Monday 7 April 2014

“The village of Feniton has been targeted by speculators seeking housing developments” - but the Inspector has now rejected most of these...

News just in from District Cllr Susie Bond who represents Feniton:

Public inquiry result is out!

Feniton planning inquiry result has just been announced. Acland Park has been allowed for 32 houses, as suspected, but the other two major sites have been dismissed.
Many congratulations to everyone who worked so hard to get this storming result.
Haven’t had a chance to digest the 40-page report, but will be blogging with a summary of the decision shortly.
Public inquiry result is out! | Susie Bond

And from County Councillor Claire Wright:

Fantastic news for Feniton as over 200 houses on appeal dismissed!
Monday, 07 April 2014 14 Comments by Claire
Feniton triple appeal planning inspector, Jessica Graham has dismissed three major applications for Feniton totalling over 200 houses, we have just heard.
She has allowed the appeal for 32 houses at Acland Park, but the most damaging applications have been rejected.
Absolutely brilliant news for the community after years of battling against floods and large-scale planning applications.  Let’s hope this stops the developers in their tracks.
Ms Graham found that the 83 houses off Green Lane (Wainhomes) and the 120 houses adjacent to Ottery Road (Strategic Land Partnerships) would both cause significant and demonstrable harm to the landscape and setting of Feniton.
She concluded that although Feniton was a reasonably sustainable location due to its railway station, the lack of shops and services at Feniton would considerably increase journeys by private car. She agreed with residents, councillors and Feniton Parish Council that the village was NOT infinitely sustainable and that the bus service was infrequent.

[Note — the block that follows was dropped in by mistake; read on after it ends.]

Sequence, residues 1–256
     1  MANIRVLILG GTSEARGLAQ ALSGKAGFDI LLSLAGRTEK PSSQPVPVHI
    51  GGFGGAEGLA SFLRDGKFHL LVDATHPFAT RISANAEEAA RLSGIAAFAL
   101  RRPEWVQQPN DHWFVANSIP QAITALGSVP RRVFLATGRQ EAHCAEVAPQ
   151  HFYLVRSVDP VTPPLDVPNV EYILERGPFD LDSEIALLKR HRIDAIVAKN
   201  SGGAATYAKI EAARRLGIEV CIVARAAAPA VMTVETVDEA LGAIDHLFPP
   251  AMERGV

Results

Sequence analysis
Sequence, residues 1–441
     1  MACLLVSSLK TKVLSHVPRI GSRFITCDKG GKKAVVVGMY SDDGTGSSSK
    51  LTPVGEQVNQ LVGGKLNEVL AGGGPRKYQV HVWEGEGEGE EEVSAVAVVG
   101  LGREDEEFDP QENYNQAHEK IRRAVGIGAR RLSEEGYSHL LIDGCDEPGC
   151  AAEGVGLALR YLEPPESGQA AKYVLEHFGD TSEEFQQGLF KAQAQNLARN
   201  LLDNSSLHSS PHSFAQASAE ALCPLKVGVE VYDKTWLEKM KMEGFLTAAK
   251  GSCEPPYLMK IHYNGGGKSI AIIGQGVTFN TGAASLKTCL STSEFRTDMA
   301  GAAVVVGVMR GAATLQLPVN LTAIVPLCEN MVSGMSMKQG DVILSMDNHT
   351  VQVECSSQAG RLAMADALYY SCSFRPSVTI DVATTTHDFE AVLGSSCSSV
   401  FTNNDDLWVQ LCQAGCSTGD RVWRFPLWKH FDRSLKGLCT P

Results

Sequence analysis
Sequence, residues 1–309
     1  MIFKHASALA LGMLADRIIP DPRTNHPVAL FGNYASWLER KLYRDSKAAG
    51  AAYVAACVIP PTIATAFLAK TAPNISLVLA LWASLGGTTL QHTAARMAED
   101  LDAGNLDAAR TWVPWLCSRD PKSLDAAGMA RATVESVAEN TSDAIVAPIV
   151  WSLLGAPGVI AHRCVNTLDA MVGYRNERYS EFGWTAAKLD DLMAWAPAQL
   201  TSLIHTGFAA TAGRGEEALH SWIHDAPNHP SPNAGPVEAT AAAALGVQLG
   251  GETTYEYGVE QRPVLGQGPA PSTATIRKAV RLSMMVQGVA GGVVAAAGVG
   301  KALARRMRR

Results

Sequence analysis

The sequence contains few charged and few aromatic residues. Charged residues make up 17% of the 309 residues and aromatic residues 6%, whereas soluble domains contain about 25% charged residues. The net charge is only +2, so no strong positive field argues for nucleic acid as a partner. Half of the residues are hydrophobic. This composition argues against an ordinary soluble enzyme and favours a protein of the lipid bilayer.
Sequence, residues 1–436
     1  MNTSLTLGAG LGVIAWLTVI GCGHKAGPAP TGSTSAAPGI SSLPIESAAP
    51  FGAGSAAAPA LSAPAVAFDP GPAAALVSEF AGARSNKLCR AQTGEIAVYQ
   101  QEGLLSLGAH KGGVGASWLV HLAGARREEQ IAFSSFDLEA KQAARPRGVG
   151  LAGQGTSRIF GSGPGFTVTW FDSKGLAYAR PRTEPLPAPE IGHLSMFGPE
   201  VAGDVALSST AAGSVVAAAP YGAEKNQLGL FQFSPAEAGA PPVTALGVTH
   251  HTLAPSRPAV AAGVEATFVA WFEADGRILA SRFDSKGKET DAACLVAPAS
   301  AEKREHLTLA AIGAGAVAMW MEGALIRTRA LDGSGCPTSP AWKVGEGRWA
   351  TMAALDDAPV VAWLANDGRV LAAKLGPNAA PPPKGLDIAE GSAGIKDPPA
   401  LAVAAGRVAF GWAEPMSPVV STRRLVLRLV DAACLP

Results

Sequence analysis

On highways and traffic movements, she took the highways officer’s view of the situation, who did not object. This is disappointing.  She said that she based her view on the National Planning Policy Framework, which states refusals for developments can only be sustained if the impact is “severe.”
Happily, she did attach weight to the loss of good quality agricultural land (grade 2). 
Strategic Land Partnership’s arguments that their scheme carried benefits because they owned the land that the school could expand on, fell on stony ground. Ms Graham dismissed this largely because the land could be acquired by Devon County Council through compulsory purchase - one of my points in my oral submission, as county councillor.
Feniton Parish Council chairman, Martyn Smith’s argument that the developments would damage community cohesion did carry weight with Ms Graham.
Ms Graham did not put a figure on the housing land supply but said that this was a matter for the local plan examination in public to determine.  Incidentally, she has confirmed that she saw the letter from Mr Thickett on EDDC’s local plan - and that this did not affect her decision.
Well done to all those of you who repeatedly objected, even when you felt it was hopeless, well done to all those of you who spoke at the planning inquiry and at EDDC planning committee meetings.
Most of all well done to Cllr Susie Bond, EDDC councillor for Feniton, John Withrington and Jayne Blackmore from Fight for Feniton for a monumental amount of sterling work over the YEARS that these applications have been submitted, debated, dismissed, resubmitted and gone to appeal.
Also, a huge well done to Feniton Parish Council, particularly Martyn Smith and Nick Spence, who made the brave decision to undertake an eye-watering amount of work by applying for Rule 6 status at the planning inquiry, which meant that they could take a full part in the sessions, led by their planning consultant, Charlie Hopkins, whose fees were paid for by community fundraising, with some help from my locality budget and parish council precept.